For years, Kentucky was the sole state for which drivers had to visit separate agencies to get drivers licenses. But the division was sealed in 2022 with the establishment of regional drivers license offices — thus eliminating the former process of testing with the Kentucky State Police, and issuing drivers permits and licensing through the Circuit Clerk's offices. London's regional center was established in July in the Carnaby Square Shopping Center.

For years, the Laurel County School District has sponsored a Special Needs Prom for those who may become upset or uncomfortable with the noise and lights of the regular Prom activities. But the board members with Action for Autism realized that once students graduate high school, they are limited in their social activities. For that reason, they hosted the first-ever Special Prom for special needs individuals over age 18 in 2022.

After over a decade without a community theatre program, Millstone Theatre Guild formed in late 2022, but still produced its first play during December. While its home base in the Belle Bennett Auditorium is being renovated and restored, the theatre group meets and plans more shows in 2023.

The heavy case load of Family Court cases in the 27th Circuit necessitated a second judge for Knox and Laurel counties. The state legislature approved that in early 2022, with the candidates set for a vote in the November general election. Laurel County had 6 candidates and 1 from Knox County vying for the judgeship, with London attorney Lucas Joyner receiving the highest votes. Joyner was sworn in as Family Court Judge, Division IV, in November and began his official duties on Jan. 1.

One of the biggest crowd drawers of the now defunct Laurel County Fair was the sports events, especially the Truck and Tractor Pulls. In 2022, the North and South Laurel High School FFA (Future Farmers of America) brought the popular event back to Laurel County as a fundraiser for the two programs. The event was highly successful with a large turnout who welcomed the return of the competition gratefully.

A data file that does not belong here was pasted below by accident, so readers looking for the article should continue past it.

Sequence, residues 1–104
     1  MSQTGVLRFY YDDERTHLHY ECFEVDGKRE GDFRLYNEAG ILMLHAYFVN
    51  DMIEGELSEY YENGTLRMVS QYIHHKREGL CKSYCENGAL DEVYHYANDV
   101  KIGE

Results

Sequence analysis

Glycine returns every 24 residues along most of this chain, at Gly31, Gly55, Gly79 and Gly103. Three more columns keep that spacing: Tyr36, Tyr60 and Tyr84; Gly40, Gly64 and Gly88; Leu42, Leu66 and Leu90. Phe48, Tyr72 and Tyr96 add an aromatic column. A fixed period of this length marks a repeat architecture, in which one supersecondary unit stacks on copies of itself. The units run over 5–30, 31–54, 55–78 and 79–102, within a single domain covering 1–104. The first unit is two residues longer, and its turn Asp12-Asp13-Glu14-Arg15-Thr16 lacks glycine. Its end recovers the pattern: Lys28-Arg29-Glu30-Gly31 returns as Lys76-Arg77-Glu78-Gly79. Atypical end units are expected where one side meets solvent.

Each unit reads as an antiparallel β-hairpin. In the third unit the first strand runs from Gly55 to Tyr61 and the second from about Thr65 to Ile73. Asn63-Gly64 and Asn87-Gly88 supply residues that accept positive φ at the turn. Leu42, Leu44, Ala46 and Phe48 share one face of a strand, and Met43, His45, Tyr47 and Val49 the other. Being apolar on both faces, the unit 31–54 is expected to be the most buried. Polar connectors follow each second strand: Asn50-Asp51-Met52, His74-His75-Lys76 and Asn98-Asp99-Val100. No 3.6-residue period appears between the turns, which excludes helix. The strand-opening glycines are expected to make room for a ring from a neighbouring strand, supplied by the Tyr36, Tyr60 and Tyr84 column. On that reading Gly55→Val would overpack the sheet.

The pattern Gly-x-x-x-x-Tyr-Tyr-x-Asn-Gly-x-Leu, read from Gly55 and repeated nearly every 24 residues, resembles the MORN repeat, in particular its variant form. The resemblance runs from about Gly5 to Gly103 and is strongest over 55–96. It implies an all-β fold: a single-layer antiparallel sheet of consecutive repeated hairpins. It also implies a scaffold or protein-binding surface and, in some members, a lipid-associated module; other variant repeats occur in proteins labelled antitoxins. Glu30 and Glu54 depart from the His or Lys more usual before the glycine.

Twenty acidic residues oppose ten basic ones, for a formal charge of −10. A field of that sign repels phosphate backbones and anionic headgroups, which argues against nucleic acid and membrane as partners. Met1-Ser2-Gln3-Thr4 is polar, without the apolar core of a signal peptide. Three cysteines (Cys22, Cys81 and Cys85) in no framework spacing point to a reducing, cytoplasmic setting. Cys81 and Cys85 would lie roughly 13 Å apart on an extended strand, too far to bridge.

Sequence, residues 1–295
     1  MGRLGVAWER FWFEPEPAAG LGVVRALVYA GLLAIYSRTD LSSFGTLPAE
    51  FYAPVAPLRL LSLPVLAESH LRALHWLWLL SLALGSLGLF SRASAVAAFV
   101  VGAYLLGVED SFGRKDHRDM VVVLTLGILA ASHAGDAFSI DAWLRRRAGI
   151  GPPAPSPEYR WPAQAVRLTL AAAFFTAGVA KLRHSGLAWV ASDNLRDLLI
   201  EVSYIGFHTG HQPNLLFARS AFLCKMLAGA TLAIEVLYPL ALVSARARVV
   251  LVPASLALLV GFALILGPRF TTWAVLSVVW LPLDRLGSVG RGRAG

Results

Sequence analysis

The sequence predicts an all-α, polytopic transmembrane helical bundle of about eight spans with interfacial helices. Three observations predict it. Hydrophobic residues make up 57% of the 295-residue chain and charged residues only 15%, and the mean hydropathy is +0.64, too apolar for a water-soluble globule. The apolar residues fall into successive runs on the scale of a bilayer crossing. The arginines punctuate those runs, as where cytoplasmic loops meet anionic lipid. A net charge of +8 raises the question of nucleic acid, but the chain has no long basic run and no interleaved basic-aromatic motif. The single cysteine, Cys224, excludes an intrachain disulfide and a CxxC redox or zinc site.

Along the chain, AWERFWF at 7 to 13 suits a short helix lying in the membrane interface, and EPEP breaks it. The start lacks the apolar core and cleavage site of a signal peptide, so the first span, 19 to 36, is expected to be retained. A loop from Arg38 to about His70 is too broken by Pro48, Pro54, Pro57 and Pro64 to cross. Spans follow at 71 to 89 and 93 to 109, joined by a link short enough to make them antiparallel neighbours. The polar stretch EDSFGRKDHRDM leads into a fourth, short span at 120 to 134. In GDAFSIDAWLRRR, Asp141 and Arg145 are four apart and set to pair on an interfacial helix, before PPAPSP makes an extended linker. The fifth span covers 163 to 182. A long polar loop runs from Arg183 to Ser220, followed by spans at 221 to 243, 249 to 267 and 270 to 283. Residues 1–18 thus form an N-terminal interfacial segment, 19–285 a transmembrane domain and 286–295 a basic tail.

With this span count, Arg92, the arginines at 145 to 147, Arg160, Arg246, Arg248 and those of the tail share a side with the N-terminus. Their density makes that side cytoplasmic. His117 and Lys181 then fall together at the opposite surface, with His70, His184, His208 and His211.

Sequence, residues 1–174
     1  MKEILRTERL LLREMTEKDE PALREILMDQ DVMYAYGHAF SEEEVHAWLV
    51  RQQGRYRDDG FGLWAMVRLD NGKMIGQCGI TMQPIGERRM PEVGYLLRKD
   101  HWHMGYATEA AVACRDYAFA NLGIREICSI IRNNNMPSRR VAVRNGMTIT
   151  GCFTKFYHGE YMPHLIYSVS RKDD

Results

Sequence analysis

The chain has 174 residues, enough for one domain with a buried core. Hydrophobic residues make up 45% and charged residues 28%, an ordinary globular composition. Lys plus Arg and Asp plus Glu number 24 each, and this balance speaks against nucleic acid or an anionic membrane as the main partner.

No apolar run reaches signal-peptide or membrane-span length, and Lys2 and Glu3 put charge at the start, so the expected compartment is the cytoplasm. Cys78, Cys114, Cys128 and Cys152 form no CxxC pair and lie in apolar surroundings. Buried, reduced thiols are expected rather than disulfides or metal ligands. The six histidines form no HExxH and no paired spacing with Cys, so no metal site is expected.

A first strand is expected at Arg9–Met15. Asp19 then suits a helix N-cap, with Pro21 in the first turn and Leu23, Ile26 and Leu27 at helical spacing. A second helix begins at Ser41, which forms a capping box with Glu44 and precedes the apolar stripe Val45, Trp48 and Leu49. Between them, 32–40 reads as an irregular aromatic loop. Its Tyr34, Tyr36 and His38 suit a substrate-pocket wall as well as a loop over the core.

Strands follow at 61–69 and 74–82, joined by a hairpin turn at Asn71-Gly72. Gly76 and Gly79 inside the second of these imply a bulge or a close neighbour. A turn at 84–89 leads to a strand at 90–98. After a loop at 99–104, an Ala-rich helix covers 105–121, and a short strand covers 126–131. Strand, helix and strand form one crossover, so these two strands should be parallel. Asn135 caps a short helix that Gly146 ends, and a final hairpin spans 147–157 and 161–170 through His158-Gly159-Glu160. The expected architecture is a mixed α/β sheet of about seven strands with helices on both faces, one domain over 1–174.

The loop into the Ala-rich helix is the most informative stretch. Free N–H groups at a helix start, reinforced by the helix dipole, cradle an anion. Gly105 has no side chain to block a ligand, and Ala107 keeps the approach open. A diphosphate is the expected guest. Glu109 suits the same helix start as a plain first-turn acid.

The festivities around Christmas season are plentiful in the London area and the addition of a Christmas Drone Show brought thousands out to view the aerial celebration in mid-December. Approximately 160 drones lit the sky above London with traditional symbols of the holiday season — snowflakes, a wrapped gift, Santa, Rudolph, Christmas tree, a snowman and "Happy Holidays" written in the sky. The finale of the show was the City of London's symbol, adding an extra touch to the aerial display. With the Christmas on Main parade, Town Center Tree Lighting and decoration display,Lights Around London driving tour and London Community Orchestra and Southeastern Kentucky Chorus performing holiday music, the drone show was yet another addition to make London and Laurel County "Merry and Bright."

Other events also had record attendance. Participants in this year's Redbud Ride got a taste of all four seasons as they made their treks along the four cycling routes. Alternating between sunshine, rain and snow and sleet, the cyclists arrived back at Farmers Market wet and cold but happy to be a part of the first event of Kentucky's Century Ride.

The 3-D Archery contest and the expanded regional Agriculture Fair at the Fairgrounds property brought thousands to London in 2022. Other events such as Christmas in July, Mistletoe Market and Honey Bun Run/Cider Night — all sponsored by London Downtown — also reported record attendance and participation.

Julie Rea, executive director of London Downtown said Main Street Week and Shop Local Week were also huge successes in 2022. London Downtown received the Best Economic Vitality Initiative at the Kentucky Main Street Awards in Frankfort.

"I am proud to continue representing London Downtown in our many efforts to create more business opportunities in our downtown area. Our downtown is thriving and is continuing to grow."

2023 is looking bright for new and returning events as well as business developments still to come......